Researchers from the Computer Vision Center, Daimler and the Autonomous University of Barcelona have found a way to teach autonomous cars to successfully drive in steep city streets by reducing significant computational cost with a novel stixel depth model.
When faced with a steep street, an autonomous car will identify a wall or a vertical obstacle that’ll make it stop on the spot. Now, a team of computer vision scientists and computer engineers have used slanted stixels to teach cars that steep slopes are, in fact, drivable lanes and have proposed a new algorithm which uses an over-segmentation of ’stixel cuts’ to speed up the process enabling real-time performance.
Research is exposed in their paper ‘Slanted Stixels: Representing San Francisco’s Steepest Streets’, which was presented as an oral presentation at the BMVC (British Machine Vision Conference) in London on the 5th of September 2017 and won the Best Industry paper award of the Conference.
“Our work yields an improved Stixel representation that accounts for non-flat roads, outperforming the original Stixel model in this context while keeping the same accuracy on flat road scenes”, Daniel Hernández, first author of the paper and researcher at the Computer Vision Center of Barcelona, states.
Stixels (rectangular super pixels) were originally devised to represent the 3D scene as observed by stereoscopic or monocular imagery. The model proposed is based on Semantic Stixels: they use semantic cues in addition to depth to extract a Stixel representation. However, they are limited to flat road scenarios due to constant height assumption. In contrast, Hernández and his team overcome this drawback by incorporating a novel plane model together with effective priors on the plane parameters.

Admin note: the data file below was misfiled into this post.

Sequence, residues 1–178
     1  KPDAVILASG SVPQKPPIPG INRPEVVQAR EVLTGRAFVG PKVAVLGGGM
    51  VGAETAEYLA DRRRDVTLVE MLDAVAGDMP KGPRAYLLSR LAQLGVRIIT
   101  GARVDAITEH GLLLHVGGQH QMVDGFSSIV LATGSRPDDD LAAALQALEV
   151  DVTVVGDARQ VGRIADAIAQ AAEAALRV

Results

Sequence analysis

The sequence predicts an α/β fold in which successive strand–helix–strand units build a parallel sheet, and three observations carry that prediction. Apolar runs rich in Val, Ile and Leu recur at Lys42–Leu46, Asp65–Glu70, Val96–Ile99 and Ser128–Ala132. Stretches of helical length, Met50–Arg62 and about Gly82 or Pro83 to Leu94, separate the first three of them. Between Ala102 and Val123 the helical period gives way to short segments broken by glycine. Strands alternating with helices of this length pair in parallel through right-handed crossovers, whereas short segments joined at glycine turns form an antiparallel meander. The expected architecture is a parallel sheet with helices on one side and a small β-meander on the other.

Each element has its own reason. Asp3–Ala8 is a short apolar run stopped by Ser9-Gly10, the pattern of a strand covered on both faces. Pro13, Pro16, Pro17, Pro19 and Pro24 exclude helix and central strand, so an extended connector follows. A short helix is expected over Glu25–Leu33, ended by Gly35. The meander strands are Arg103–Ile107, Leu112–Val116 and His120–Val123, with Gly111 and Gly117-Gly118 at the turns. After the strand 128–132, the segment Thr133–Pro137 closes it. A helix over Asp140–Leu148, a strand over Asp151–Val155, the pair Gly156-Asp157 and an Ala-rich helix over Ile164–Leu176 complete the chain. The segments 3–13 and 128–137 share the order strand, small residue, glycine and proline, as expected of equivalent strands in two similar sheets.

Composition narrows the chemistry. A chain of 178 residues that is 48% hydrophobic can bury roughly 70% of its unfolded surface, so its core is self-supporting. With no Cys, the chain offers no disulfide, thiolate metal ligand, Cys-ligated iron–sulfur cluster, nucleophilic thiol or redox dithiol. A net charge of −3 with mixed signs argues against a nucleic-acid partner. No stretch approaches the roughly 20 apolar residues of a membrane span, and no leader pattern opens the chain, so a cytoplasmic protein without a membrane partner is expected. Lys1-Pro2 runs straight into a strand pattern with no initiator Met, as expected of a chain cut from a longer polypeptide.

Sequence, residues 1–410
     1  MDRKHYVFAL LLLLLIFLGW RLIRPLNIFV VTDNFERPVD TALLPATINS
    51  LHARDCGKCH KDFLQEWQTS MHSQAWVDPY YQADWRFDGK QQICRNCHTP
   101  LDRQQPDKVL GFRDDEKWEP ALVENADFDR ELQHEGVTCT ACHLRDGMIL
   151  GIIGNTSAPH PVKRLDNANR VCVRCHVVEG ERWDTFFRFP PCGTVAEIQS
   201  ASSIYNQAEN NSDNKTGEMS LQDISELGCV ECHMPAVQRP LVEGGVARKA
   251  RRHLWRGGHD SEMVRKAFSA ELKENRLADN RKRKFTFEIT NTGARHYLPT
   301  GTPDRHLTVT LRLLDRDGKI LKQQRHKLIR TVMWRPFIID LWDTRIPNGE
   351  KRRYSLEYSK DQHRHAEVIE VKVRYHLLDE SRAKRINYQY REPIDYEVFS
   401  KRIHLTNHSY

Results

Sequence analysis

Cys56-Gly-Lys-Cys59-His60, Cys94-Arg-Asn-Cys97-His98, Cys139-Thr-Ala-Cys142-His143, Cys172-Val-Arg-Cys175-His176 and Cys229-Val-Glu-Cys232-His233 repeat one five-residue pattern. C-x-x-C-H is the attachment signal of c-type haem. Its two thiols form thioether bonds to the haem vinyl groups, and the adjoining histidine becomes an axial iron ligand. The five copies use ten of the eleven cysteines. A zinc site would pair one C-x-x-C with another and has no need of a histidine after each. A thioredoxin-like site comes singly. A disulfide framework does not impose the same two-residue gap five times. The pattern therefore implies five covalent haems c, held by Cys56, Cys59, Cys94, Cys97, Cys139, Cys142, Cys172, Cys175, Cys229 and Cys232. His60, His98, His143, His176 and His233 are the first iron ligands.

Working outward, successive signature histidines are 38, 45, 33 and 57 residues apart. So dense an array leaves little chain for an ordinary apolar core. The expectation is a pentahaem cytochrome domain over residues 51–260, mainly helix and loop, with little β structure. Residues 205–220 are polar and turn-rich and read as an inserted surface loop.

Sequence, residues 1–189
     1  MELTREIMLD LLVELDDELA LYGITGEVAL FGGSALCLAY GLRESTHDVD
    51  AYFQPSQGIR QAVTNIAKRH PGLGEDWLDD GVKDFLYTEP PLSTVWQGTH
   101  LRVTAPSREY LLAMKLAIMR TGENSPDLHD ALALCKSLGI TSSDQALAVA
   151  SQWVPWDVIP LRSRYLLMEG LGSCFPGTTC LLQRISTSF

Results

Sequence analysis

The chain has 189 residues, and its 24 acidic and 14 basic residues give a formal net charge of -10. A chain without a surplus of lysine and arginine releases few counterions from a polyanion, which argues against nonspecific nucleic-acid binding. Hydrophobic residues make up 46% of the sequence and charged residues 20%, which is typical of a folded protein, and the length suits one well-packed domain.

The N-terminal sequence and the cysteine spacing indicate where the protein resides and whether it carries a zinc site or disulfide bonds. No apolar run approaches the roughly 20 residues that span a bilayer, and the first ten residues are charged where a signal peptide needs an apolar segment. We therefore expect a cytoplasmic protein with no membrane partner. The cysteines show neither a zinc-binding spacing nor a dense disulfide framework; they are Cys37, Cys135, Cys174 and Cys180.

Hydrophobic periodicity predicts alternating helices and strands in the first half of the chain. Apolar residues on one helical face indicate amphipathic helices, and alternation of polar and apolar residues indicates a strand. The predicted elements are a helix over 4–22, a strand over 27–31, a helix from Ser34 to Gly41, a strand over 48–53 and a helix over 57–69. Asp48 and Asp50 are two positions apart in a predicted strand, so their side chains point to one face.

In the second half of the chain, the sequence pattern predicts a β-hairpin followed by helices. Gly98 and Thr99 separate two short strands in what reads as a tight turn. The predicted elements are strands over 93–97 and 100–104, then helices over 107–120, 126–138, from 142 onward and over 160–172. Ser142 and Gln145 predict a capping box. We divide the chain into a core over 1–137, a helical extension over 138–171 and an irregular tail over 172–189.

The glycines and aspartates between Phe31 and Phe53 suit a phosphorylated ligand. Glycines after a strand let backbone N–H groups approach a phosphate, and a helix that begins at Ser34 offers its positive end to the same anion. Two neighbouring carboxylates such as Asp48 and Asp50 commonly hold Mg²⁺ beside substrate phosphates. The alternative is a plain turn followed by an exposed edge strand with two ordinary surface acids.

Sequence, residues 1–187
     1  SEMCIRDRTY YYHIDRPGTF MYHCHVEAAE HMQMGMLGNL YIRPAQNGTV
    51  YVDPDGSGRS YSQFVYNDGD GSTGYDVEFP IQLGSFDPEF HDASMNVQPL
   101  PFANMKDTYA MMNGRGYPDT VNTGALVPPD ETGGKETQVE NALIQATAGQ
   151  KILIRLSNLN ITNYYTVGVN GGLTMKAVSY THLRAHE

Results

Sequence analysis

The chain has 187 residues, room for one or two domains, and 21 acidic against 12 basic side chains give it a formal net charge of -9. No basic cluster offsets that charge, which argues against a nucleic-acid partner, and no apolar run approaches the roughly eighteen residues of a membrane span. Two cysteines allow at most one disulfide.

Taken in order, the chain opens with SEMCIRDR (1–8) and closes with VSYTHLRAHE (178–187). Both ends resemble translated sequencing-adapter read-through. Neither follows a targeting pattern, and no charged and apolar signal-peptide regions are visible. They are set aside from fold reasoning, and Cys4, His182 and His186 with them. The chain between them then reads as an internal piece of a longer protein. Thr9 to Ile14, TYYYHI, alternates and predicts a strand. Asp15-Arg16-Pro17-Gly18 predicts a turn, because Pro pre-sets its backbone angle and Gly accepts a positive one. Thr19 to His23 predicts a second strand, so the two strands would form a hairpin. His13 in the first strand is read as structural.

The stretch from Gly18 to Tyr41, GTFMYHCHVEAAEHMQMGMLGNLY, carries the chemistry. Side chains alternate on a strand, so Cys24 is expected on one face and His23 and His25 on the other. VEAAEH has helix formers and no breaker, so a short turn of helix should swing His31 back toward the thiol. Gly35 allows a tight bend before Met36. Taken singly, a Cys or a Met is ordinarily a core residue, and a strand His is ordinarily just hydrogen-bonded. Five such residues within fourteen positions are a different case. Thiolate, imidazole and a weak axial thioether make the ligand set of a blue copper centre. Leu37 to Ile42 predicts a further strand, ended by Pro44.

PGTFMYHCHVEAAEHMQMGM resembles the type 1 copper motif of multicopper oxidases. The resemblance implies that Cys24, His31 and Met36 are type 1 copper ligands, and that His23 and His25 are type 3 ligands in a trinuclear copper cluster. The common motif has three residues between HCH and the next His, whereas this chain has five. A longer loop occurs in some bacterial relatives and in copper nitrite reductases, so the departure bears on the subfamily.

“We propose a novel Stixel depth model (Slanted Stixels) that represents non-float roads better than previous methods but it is also slower. To keep it real-time, we also introduce an approximation that uses an over-segmentation of “Stixel Cuts” to speed up the algorithm maintaining similar performance”, Hernández explains.
With this new method, instead of trying out all the different stixel combinations, only a reduced amount of possible stixels are tested, thus reducing the computational cost of creating these stixels and achieving real-time computation capabilities.
In addition to this, researchers have introduced a new synthetic dataset inspired by Synthia. This dataset has been generated with the purpose of evaluating the proposed model (it includes non-flat roads). SYNTHIA-San Francisco (SYNTHIA-SF) consists of photorealistic frames rendered from a virtual city and comes with precise pixel-level depth and semantic annotations for 19 classes. This new dataset contains 2224 images that have been used to evaluate both depth and semantic accuracy. The dataset will be released shortly after the Conference.